Interoperability in Digital Libraries

Interoperability in Digital Libraries

Hussein Suleman (University of Cape Town, South Africa)
DOI: 10.4018/978-1-60960-031-0.ch002
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This chapter present the principles and practices of interoperability – the ability of systems to work together – as it pertains to digital libraries. While there is no well-defined theoretical basis for interoperability, it has gradually emerged as a major aspect in the creation of digital library systems, particularly in modern digital repositories such as those adopted by the Open Access movement. The need for standardisation is a key element of interoperability, and is considered in tandem with the more technical elements. Principles of interoperability have emerged through experimentation and any future attempts to infuse interoperability into a system should build on these principles, such as simplicity and orthogonality. In practice, experiments with system and protocols have demonstrated what works and what does not and where there is a need for additional interventions, such as the successful OAI-PMH and RSS standards. The key interoperability technologies currently in use in digital library systems are introduced and contextualised in terms of their applicability and motivations. In this discussion, the line between digital library standards and Web standards is intentionally fuzzy because of the increasingly symbiotic relationship between these communities.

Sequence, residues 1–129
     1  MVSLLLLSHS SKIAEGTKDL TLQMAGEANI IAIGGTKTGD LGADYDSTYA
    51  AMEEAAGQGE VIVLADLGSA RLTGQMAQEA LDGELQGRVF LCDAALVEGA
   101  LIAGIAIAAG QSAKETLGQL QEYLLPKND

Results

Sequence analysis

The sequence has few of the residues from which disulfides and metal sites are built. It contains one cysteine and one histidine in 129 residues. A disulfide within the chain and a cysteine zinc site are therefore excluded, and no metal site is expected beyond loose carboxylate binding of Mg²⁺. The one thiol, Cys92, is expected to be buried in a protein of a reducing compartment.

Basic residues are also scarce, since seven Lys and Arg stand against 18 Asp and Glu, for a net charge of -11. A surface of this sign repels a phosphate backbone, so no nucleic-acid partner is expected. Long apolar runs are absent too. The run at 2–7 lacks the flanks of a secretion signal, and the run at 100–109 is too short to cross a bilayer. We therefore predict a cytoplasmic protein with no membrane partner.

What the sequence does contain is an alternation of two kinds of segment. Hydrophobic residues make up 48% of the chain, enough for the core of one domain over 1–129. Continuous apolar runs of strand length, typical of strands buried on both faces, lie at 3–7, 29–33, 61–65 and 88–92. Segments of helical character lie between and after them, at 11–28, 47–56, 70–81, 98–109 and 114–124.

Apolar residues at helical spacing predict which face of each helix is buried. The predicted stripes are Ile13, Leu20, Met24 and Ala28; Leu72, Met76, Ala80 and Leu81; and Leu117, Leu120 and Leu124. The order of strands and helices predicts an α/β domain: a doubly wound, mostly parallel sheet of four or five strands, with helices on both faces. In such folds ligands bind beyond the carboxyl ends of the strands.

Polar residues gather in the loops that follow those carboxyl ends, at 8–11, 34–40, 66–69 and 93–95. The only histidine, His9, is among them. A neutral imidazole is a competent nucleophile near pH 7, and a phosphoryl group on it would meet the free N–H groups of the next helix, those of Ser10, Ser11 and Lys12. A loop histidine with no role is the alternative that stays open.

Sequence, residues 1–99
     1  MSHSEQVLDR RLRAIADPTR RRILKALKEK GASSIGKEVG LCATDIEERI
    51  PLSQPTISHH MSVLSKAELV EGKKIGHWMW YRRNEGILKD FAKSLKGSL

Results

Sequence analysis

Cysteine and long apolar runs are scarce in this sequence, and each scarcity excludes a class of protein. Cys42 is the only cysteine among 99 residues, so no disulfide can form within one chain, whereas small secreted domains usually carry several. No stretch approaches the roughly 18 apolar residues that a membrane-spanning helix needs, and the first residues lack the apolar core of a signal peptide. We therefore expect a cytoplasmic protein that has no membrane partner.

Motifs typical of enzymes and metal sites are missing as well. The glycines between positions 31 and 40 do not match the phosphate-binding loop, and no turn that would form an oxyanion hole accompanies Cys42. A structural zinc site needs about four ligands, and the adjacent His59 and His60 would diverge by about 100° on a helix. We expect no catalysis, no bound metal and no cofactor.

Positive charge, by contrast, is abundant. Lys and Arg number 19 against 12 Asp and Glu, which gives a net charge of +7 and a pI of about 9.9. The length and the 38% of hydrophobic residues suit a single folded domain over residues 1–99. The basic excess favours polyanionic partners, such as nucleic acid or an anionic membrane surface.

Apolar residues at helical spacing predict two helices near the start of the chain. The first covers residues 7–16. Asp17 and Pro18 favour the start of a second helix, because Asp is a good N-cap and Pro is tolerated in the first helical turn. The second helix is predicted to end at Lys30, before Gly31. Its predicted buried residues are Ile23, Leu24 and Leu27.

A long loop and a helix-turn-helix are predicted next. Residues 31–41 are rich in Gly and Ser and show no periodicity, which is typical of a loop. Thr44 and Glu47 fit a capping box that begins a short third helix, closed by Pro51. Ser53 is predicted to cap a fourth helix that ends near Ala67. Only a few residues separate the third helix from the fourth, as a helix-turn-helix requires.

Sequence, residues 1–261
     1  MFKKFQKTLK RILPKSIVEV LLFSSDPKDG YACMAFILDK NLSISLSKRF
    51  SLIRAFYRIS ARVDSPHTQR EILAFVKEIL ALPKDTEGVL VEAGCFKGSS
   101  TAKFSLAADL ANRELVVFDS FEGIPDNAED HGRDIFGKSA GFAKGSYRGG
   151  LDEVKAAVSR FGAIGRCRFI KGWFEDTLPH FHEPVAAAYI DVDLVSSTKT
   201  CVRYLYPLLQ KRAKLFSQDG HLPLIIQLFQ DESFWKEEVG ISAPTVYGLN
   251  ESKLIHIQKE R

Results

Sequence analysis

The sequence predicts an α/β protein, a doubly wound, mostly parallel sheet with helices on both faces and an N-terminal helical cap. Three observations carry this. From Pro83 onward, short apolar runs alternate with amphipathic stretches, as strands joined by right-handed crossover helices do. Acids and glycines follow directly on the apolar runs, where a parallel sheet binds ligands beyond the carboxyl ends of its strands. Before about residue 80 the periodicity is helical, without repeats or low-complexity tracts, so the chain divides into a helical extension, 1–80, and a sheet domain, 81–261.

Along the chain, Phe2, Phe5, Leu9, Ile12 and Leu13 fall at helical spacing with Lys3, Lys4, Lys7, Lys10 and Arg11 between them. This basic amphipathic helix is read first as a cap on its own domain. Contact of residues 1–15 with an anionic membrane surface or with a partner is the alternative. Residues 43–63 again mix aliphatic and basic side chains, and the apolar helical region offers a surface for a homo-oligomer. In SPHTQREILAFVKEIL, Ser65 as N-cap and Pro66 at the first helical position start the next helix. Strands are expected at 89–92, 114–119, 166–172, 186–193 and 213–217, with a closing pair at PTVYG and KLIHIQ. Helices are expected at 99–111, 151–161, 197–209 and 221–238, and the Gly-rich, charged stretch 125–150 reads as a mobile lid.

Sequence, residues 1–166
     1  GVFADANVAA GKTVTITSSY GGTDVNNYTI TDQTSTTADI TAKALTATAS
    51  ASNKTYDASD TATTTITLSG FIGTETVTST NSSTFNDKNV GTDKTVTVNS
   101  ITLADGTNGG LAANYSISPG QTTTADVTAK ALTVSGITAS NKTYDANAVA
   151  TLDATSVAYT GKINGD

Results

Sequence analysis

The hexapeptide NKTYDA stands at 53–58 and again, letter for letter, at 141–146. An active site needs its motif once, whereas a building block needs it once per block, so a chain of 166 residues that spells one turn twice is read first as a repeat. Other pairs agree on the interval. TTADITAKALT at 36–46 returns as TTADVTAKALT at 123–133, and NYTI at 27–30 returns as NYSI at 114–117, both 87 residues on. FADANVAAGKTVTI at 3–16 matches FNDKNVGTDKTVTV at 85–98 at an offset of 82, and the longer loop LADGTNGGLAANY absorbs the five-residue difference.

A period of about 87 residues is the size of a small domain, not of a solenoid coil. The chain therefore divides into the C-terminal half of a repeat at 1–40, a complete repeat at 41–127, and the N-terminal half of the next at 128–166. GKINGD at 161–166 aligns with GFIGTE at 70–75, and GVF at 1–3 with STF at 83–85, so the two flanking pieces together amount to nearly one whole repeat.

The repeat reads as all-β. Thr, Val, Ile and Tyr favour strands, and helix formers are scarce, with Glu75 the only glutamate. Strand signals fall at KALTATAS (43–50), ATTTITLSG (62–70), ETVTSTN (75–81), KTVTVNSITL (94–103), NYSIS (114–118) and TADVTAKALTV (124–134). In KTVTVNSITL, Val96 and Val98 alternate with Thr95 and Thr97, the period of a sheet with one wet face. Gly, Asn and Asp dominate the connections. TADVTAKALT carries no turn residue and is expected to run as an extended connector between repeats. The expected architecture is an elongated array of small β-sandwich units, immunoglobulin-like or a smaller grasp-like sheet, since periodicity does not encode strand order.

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2. Concepts, Definitions And Principles

2.1. Definition

Wikipedia defines “interoperability” (Wikipedia, 2009) as the ability of different systems to exchange data using the same file formats and protocols. This includes both those systems that interoperate for the purpose of exchanging data and those that exchange data as a consequence of communication where the exchange of data is not the primary purpose (such as X102 home automation controllers, which exchange data only to control devices).

Lessig (Lessig, 2005) goes further to state that “Perhaps the most important thing that the Internet has given us is a platform upon which experience is interoperable.” This highlights the duality of interoperability – as both a syntactic and semantic construct. In the syntactic sense, interoperability of systems can be achieved by the exchange of data – in the semantic sense, making sense of that data in a standard manner is a more complex and often difficult task.

Syntactic interoperability is achieved using standards such as Extensible Markup Language (XML) (Bray, Paoli, Sperberg-McQueen, 2008), which encode data such that its structure can be understood but not its meaning. In contrast, the Dublin Core (Dublin Core Metadata initiative, 2008) metadata format is an example of a standard that focuses on semantic interoperability – standardised meaning is specified in abstract terms, with many different possible encodings.

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